Piccole letture in chiave umoristica e/o filosofica
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When elephant trainers catch a baby elephant in India, they tie one of its legs to a short post with a rope to stop it from running away. For days the baby elephant struggles to get free, trying to break the rope or uproot the post, until eventually it realises that its struggle is in vain and it gives up.
As the baby elephant grows into an adult elephant, the trainer continues to keep one of its legs tied to the same short post with the same piece of rope to stop it from running away.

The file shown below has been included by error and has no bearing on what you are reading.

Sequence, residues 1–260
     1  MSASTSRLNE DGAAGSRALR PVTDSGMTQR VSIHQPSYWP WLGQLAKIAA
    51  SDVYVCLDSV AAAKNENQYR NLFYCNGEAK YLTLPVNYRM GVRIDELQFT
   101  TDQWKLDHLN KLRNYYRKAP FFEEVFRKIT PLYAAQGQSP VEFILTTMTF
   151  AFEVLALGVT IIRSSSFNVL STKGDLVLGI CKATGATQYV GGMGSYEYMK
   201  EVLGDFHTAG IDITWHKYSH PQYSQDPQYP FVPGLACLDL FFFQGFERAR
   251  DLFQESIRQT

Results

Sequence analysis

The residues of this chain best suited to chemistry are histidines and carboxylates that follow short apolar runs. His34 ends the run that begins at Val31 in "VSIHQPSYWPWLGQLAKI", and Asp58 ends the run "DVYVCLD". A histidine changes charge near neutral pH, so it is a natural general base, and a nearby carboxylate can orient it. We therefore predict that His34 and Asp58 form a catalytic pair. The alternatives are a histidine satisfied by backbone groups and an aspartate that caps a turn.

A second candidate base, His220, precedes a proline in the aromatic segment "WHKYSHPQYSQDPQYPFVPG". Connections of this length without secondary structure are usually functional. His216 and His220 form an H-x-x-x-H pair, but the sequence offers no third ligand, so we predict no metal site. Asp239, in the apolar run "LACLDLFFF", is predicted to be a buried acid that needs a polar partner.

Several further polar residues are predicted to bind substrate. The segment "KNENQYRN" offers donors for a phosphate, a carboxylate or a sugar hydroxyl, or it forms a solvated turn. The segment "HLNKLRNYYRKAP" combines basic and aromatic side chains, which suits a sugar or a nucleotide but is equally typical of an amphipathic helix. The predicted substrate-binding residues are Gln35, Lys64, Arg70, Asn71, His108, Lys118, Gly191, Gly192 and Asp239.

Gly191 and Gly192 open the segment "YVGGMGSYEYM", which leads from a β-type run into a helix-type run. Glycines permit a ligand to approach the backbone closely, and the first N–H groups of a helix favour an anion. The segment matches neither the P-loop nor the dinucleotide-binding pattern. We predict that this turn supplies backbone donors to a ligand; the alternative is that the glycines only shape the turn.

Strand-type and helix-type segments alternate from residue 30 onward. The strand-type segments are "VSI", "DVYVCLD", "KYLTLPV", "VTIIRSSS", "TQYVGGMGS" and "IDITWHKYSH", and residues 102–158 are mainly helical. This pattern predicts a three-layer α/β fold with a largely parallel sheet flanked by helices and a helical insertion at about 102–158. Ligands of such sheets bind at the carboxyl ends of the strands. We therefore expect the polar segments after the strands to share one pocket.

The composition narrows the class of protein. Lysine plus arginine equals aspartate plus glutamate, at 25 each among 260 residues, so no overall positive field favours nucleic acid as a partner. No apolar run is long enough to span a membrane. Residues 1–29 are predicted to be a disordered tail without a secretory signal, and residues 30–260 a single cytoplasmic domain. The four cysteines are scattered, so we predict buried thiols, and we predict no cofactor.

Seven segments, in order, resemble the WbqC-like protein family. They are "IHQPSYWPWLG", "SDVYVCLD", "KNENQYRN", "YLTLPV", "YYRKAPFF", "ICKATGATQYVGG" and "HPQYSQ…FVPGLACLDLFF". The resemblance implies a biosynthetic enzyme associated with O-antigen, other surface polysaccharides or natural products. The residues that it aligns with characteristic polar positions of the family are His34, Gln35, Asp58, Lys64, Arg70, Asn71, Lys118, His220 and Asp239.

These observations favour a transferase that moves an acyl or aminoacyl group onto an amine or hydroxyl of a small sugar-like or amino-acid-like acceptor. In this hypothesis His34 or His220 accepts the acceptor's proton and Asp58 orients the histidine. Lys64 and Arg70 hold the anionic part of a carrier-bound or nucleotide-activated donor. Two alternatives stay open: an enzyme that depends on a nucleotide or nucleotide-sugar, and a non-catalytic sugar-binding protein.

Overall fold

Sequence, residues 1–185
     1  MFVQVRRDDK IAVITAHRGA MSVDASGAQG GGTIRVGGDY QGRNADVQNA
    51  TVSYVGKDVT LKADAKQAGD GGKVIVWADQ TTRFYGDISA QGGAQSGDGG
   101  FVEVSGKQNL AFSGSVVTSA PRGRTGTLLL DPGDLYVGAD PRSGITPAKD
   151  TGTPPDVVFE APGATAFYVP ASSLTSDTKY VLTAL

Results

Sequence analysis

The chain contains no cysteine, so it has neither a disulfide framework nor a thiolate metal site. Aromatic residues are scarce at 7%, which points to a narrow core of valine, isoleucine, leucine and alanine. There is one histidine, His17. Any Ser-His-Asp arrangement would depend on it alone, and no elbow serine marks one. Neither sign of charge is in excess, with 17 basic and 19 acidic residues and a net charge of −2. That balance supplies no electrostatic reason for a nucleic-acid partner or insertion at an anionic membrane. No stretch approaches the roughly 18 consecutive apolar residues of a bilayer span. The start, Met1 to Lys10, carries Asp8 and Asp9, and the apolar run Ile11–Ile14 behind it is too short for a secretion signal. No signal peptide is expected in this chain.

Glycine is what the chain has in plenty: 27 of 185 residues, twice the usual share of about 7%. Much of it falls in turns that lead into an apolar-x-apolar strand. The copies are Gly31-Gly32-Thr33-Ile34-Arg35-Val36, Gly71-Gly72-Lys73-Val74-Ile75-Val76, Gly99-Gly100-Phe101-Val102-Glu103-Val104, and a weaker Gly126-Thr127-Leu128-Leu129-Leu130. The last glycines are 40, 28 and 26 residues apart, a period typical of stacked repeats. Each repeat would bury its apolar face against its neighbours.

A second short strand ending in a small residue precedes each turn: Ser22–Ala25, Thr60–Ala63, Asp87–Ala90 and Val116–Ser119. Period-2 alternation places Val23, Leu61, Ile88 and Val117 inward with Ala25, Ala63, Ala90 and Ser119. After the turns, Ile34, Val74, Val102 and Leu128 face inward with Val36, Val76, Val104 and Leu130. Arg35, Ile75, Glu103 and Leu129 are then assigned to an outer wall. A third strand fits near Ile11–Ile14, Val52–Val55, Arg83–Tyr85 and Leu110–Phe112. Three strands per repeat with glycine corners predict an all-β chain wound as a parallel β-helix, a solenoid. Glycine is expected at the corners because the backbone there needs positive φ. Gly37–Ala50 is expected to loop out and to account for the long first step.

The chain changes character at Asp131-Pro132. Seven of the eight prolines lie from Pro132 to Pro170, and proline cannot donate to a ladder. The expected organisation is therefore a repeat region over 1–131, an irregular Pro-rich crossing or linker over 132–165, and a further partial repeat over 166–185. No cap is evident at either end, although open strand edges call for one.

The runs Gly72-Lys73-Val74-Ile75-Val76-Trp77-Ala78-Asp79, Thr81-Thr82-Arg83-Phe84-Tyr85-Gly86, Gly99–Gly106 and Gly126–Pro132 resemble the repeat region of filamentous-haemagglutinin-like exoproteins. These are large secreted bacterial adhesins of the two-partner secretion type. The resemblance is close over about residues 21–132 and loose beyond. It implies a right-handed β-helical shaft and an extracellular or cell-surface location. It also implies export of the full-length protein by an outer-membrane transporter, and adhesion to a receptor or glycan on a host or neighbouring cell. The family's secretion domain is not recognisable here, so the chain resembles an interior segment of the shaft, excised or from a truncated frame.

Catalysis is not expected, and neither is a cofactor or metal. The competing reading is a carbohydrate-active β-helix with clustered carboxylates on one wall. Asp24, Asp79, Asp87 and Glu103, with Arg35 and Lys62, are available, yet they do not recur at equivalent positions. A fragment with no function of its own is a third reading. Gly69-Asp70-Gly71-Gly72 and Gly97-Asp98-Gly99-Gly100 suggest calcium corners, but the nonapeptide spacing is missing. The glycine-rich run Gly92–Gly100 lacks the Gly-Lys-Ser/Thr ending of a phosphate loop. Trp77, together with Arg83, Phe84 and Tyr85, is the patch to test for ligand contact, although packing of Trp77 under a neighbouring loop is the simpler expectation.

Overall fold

At this point, the adult elephant could easily break the rope or uproot the post and run away, but it does not. It has developed a condition known as “learned helplessness“: a self-imposed condition, resulting from repeated failure in the past, that stops an animal or a person from carrying out an action that is in fact within its capabilities.
“Learned helplessness” keeps us prisoners of our past failures. It convinces us that we are not good enough, that we do not have what it takes, that we will never find the right partner, that we will never get a better job, that we will never be able to speak English with confidence.